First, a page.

Turkish Airlines (THY) grew rapidly in the period 2006-2010, with passenger numbers up by 16 per cent year on year, while maintaining a 76 per cent load factor throughout. The airline expanded both its Airbus and Boeing fleets, reaching 174 aircraft in 2011 with an average age of only 6.2 years. THY takes advantage of its strategic location in Istanbul, in order to feed traffic to and from Asia, Middle East, Europe and the US, with three quarters of its traffic being transit.
A different picture in 2011
Nonetheless, this year’s financial results cast a shadow over the company’s growth strategy. THY reported a USD 342 million net loss in the first half of 2011, compared to USD 152 million in the corresponding period last year. With fuel costs up by more than 30 per cent and higher USD denominated lease payments from a fleet that is 87 per cent leased, operating expenses and short term liabilities have increased substantially. This is primarily the result of a weakening Turkish Lira that now stands at a 2 year low against the US Dollar. Furthermore a 30 per cent increase in capacity, as part of the airlines strategy to expand its network and frequencies across Southeast Asia, Russia and the Americas, was not followed by a corresponding increase in demand and load factors. Revenue per passenger kilometer (RPK) grew only by 19 per cent and passenger load factors were negative throughout the year.
What the future holds
THY’s current losses may not reflect the last of the airline's worries just yet. With further tension across the Middle East and an upward trend in fuel prices, the senior management team faces even more challenges.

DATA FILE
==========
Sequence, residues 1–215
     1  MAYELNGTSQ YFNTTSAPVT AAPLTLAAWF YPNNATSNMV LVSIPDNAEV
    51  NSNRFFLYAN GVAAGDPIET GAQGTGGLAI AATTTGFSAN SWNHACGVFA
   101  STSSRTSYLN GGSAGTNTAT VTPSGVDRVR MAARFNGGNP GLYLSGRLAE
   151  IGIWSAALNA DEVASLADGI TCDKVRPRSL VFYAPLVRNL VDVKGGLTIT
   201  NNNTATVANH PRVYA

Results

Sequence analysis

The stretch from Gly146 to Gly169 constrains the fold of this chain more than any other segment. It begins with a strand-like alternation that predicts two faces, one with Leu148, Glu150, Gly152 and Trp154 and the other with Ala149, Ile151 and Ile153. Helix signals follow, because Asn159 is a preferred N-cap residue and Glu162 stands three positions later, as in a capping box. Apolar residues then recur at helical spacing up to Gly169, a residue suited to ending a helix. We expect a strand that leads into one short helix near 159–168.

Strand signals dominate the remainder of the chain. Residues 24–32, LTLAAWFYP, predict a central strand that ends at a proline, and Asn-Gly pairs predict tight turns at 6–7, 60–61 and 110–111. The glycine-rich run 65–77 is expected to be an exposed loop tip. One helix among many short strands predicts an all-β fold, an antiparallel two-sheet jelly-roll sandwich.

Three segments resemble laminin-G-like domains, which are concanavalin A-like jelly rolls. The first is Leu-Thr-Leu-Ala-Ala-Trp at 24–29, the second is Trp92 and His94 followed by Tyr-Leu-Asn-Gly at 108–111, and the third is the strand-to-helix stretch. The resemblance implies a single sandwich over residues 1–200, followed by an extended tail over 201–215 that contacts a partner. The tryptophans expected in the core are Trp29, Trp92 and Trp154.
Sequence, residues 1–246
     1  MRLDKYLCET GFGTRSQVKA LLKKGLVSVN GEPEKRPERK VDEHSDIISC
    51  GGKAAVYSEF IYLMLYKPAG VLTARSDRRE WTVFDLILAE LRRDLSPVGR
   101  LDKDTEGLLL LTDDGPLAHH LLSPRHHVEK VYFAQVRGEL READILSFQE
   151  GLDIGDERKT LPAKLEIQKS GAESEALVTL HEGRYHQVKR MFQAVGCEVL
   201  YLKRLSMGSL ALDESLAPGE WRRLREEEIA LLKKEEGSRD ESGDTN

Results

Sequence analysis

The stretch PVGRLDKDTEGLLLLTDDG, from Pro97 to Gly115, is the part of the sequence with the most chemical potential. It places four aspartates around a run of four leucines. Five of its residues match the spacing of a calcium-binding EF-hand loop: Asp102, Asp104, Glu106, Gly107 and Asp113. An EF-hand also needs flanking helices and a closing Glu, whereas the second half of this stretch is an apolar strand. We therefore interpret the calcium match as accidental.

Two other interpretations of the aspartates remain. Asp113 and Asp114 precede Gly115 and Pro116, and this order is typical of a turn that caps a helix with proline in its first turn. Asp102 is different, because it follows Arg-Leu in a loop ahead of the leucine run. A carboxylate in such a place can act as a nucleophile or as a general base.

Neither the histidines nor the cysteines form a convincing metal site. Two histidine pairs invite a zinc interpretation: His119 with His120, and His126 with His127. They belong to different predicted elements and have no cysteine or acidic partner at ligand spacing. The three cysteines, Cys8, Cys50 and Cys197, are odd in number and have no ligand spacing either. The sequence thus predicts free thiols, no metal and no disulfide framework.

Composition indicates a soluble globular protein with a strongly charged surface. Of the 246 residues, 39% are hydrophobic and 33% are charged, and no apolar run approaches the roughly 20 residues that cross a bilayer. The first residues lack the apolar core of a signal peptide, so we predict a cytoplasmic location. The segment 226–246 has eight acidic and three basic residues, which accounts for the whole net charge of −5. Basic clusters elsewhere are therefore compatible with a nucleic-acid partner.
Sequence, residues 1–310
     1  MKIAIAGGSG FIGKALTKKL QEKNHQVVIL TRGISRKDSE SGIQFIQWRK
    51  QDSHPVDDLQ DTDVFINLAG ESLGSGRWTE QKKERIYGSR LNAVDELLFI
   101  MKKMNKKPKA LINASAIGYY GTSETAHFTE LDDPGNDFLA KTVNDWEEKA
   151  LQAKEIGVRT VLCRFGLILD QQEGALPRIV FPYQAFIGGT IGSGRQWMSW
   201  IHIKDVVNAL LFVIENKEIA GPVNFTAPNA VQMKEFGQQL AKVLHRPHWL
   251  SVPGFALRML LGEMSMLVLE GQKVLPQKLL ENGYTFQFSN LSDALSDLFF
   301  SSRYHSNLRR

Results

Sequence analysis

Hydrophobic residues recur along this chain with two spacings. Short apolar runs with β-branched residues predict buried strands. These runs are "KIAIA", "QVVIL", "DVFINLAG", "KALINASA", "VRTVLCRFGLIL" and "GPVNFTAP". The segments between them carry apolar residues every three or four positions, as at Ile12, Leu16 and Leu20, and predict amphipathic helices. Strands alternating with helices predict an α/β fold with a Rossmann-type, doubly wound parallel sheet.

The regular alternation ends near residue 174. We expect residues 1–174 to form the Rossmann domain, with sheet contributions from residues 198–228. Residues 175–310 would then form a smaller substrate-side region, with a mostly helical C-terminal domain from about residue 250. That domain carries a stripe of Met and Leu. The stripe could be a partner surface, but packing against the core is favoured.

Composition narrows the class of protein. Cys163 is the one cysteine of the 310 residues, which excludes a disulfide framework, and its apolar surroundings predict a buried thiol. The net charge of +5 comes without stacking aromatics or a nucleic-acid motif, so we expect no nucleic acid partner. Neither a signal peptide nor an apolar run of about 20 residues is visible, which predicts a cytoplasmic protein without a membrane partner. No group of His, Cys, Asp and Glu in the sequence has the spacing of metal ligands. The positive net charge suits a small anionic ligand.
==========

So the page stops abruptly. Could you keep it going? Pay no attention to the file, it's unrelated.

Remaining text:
Nonetheless, the company’s growth and long-term profitability can be sustained, as part of a well planned strategy. The airline has an increasingly diversified route network and now focuses both on the high growth regions of APAC and Middle East, as well as the relatively flat, yet still very important European market. In this respect, THY joined the Arab Air Carriers Organisation (AACO) in June 2011, with the aim of developing and strengthening cooperation across the region. In addition, while being already part of Star Alliance, THY expanded its codeshare agreements with Asiana Airlines and US Airways.
We view these partnerships as positive, showing signs of a company that no longer depends simply on organic growth, while operating in an increasingly competitive market dominated by the likes of Emirates and consolidated European carriers. With cash today standing at almost USD 500 million and many potential acquisition targets in Eastern Europe and the Balkans, THY may also choose to fund growth through M&A.
Although there are justified worries following disappointing results during the first half of the year, these highlight the need for better currency and fuel hedging policies rather than redesigning THY's growth strategy.